Hey there, time traveller!
This article was published 3/4/2014 (814 days ago), so information in it may no longer be current.
Manitoba is looking to Ontario to see if it's time to increase penalties for drivers who text or talk on cellphones while driving.
Ontario Transportation Minister and former Winnipeg mayor Glen Murray on Monday said that province will amend its distracted-driving law by increasing fines to as much as $1,000 and adding three demerit points to send the message drivers can't use a hand-held device while driving.
"We always keep our eye on what's going on in different provinces," Manitoba Justice Minister Andrew Swan said Wednesday. "Frankly, there are still too many Manitobans whether they're driving or riding a bike that are still giving less than their full attention to the road.
"We're going to keep looking at that issue."
Swan said the province is not considering extending penalties to cyclists who pedal and talk on the phone.
The province last upped penalties for distracted driving Aug. 1 when, in addition to a fine of $200, it began levying two demerit points. Demerits add to the cost of renewing drivers' licences and auto insurance costs.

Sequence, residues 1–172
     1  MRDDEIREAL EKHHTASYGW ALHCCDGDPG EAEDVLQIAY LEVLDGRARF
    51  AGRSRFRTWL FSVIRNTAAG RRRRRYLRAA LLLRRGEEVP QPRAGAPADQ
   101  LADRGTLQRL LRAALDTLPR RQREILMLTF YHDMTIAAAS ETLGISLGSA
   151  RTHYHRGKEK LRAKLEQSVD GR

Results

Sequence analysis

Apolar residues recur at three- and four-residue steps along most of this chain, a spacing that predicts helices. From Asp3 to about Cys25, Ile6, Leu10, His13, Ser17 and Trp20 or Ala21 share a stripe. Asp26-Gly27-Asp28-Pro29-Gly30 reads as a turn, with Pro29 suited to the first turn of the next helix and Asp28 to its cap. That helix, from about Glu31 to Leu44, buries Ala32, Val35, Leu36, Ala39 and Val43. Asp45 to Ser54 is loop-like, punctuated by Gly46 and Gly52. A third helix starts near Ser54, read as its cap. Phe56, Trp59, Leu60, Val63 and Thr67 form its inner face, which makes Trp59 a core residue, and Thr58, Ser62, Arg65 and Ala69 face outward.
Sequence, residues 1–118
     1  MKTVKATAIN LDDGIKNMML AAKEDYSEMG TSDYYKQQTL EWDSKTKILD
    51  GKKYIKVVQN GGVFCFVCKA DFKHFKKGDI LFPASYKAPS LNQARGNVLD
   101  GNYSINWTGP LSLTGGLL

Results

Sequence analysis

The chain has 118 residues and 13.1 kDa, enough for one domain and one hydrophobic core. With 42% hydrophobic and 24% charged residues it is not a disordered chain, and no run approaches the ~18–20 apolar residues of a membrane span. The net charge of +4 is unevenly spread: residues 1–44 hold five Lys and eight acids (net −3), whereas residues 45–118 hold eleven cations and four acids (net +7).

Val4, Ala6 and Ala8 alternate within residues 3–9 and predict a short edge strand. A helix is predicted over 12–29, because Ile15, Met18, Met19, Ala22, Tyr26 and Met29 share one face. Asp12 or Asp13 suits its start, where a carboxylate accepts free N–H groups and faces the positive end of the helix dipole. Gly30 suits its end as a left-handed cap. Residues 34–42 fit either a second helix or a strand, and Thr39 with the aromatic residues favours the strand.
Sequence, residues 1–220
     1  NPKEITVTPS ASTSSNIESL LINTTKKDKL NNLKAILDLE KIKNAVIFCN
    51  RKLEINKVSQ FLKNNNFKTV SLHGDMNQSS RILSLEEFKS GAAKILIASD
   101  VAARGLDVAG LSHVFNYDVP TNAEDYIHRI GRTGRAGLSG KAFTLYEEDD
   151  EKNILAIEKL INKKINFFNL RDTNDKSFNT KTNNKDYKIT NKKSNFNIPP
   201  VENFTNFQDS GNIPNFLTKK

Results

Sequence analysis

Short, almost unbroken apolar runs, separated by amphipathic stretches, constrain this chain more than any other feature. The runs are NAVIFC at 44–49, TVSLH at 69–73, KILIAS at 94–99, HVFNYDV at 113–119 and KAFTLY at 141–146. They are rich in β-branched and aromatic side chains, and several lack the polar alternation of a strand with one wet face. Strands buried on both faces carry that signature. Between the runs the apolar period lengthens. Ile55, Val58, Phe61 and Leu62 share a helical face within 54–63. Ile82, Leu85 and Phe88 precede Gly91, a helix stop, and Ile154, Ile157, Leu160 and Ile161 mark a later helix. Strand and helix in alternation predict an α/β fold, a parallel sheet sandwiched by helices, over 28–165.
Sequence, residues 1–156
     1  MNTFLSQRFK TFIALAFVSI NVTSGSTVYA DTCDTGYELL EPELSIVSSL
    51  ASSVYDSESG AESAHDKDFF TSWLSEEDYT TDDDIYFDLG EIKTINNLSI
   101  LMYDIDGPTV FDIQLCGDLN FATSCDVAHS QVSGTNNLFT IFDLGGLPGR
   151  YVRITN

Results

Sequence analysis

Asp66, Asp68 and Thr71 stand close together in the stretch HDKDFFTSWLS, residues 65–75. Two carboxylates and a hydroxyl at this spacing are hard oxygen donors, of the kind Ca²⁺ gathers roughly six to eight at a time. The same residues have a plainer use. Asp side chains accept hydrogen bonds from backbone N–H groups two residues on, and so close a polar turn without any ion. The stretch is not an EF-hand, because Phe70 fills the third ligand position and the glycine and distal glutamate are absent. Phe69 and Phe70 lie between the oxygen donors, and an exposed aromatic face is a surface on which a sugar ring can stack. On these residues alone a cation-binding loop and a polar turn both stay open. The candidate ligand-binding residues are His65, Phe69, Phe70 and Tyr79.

Police have said a texting driver is 23 times more likely to be involved in a crash than a non-texting driver.
"There are still too many people who are driving while distracted and unfortunately a large number of tragedies on our highways are because of people not giving the road the appropriate attention," Swan said.
"The bigger picture is we want to look at more ways to get the message across that texting and driving is extremely dangerous to the person doing it but also everybody else on the road."
Swan added that includes increasing public-awareness campaigns coupled with the possibility of increased enforcement and sanctions.
Swan has said if the number of distracted drivers does not decline, an additional demerit point could be added.
On Wednesday, he would not comment on when the province would make such a move.
In Ontario, Murray's new legislation would increase fines for distracted driving to a range of $300 to $1,000, up from $60 to $500, and levy three demerit points upon conviction.
The Keeping Ontario's Roads Safe Act would also increase fines for drivers who open their door into the path of a cyclist to a range of $300 to $1,000, up from $60 to $500, and raise the demerit points from two to three.
It would also require all drivers to maintain a distance of one metre when passing cyclists. Several U.S. states have similar rules and cyclists in Manitoba are lobbying the Selinger government to do the same.
April is Distracted Driving Awareness Month in the United States with law enforcement running special campaigns across the country ticketing offenders.
The U.S. Department of Transportation says the most serious offenders are young and inexperienced drivers with 16 per cent of all distracted driving crashes involving drivers under 20.